un.org/development/desa/dspd/wp-content/uploads/sites/22/2018/04/One-Road-Many-Dreams-The-Impact-Of-China%E2%80%99s-Global.pdf qz.com/983460/obor-an-extremely-simple-guide-to-understanding-chinas-one-belt-one-road-forum-for-its-new-silk-road

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Daniel Halliday
Oct 29
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DH edited this paragraph
While the scale of the project is on going it is still not easy to gauge how China’s investments will affect the countries they are investing in. But it is clear from the multi million and billion dollar contracts that China has signed with some of the world’s most impoverished countries that it will undoubtedly reinvigorate their economies and generate on-going employment on a massive scale. The proposed innovation that China wishes to carry out in the manufacturing, logistics and transport industries should be an exciting prospect for many people and economies across the globe.

Already leading to economic colonialism

As China is internationally funding so much global infrastructure with debt, worries are starting to emerge in many countries as to China’s real intentions. The massive amount of loans and threats of economic acquisition have led to heightened fears in many Kenyan organisations, have led to the backing out of Chinese deals in Malaysia, and even mass protests in Vietnam and the Philippines. From Asia to Europe, China has been signing deals with countries with troubled economic records, which is particularly the case with developing countries such as Sri Lanka, but also true of countries like Italy, leading some critics to label the One Belt One Road initiative “debt-Trap diplomacy”.

Big questions still remain over China’s plans following any possible defaults on loan repayments, a very likely outcome considering the amount of risky loans China has signed off as part of the OBOR Initiative. Furthermore, development projects such as the $3.6 billion Standard Guage Railway in Mombasa are helping to fuel corruption at a local level giving rise to additional negative outcomes. China’s silence on a workable contingency plans for unpaid loans, development downsides, and leaked evidence of sovereignty waivers being written into Kenyan port construction contracts specifically, have led many to believe the initiative is a front for neo-colonialism.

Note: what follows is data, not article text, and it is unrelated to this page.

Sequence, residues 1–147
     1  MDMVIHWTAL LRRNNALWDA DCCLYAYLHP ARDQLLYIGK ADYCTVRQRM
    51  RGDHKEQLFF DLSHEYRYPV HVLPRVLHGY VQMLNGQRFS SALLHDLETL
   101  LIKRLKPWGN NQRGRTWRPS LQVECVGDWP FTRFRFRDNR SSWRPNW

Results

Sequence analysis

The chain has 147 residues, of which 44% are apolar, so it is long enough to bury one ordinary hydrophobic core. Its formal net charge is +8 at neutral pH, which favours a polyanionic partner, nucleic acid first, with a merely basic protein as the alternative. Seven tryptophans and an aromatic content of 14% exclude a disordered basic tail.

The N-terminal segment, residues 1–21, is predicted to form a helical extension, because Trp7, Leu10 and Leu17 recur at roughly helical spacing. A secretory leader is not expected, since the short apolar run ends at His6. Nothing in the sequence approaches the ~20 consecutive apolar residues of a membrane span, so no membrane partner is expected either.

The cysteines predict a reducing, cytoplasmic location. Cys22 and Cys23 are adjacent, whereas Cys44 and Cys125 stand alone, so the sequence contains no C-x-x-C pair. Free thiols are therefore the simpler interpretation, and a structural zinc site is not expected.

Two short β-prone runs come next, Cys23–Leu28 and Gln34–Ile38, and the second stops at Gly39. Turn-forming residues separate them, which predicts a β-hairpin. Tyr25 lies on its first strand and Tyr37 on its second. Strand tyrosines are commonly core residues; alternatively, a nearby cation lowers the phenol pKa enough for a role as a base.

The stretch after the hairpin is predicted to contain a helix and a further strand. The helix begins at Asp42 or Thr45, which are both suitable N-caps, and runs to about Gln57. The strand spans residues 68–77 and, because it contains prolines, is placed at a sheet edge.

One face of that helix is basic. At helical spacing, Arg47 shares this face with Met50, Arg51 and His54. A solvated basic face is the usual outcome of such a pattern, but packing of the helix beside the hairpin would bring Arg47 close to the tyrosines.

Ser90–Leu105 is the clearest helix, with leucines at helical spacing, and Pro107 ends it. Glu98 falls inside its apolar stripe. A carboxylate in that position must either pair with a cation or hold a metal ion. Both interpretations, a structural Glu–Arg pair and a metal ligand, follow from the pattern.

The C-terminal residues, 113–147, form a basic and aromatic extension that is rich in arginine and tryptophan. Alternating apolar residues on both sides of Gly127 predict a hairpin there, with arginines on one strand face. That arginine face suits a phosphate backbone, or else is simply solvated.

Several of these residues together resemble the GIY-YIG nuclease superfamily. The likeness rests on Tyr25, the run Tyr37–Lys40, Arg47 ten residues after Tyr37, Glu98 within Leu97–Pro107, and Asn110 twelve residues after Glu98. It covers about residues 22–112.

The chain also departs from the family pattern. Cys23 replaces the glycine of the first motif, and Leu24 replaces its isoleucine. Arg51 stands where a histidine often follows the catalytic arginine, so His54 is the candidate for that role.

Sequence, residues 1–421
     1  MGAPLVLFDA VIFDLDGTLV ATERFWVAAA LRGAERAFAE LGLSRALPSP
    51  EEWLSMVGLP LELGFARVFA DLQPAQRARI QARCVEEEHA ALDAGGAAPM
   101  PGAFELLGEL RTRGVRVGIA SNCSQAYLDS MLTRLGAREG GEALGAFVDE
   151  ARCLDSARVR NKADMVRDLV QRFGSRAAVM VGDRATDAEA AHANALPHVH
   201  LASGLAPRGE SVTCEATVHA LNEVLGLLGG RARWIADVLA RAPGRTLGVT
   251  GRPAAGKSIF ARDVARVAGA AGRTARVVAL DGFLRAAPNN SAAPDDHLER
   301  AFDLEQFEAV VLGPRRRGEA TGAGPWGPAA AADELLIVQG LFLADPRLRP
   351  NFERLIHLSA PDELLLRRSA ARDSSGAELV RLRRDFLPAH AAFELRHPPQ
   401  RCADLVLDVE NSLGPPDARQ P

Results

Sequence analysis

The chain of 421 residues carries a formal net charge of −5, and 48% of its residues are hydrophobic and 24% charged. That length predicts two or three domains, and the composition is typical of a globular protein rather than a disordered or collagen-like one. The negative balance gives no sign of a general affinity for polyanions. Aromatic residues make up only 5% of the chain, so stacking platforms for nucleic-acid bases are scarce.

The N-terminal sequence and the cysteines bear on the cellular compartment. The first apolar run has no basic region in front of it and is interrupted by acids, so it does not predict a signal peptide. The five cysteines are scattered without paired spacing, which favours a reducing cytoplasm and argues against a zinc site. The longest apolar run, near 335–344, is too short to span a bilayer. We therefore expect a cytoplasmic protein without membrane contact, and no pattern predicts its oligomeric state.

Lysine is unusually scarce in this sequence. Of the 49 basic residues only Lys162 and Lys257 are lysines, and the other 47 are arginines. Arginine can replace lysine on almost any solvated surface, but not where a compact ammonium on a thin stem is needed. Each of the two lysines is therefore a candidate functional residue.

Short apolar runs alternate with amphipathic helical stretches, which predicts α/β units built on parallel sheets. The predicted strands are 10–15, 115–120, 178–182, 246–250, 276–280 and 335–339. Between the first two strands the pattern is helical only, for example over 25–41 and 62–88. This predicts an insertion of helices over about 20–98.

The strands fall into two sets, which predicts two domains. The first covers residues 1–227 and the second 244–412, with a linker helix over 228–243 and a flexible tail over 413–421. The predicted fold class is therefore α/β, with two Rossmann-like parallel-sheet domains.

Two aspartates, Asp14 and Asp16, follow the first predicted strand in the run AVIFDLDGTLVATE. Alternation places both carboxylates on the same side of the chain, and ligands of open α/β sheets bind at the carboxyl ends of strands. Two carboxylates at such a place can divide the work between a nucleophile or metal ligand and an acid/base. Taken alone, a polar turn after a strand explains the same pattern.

zerohedge.com/news/2018-12-26/china-take-over-kenyas-largest-port-over-unpaid-chinese-loan aljazeera.com/news/2019/03/italy-joins-china-belt-road-initiative-190321170015949.html beltandroad.news/2019/04/10/port-of-kenya-takeover-sparks-neo-colonialism-outcry

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Daniel Halliday
Oct 29
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DH edited this paragraph
Big questions still remain over China’s plans following any possible defaults on loan repayments, a very likely outcome considering the amount of risky loans China has signed off as part of the OBOR Initiative. Furthermore, development projects such as the $3.6 billion Standard Guage Railway in Mombasa are helping to fuel corruption at a local level giving rise to additional negative outcomes. China’s silence on a workable contingency plans for unpaid loans, development downsides, and leaked evidence of sovereignty waivers being written into Kenyan port construction contracts specifically, have led many to believe the initiative is a front for neo-colonialism.

China’s environmental track record may threaten the BRI

Despite the Chinese government's stated goals for environmental reform actual change to policy and effective implementation surrounding the biggest issues remain fruitless, while China’s environmental footprint is far greater than any other single country. Exporting China’s industrial model across the globe while not addressing such a catastrophic ecological character would effectively just magnify China’s problems moving forward. Environmental risks are so alarming in China that they now pose a serious risk to the country’s economy and are thought to have cost the country 3.5% of its GDP in 2010 alone, if these costs are allowed to spiral out of control expensive projects such as the Belt and Road Initiative could be the first to be reigned in.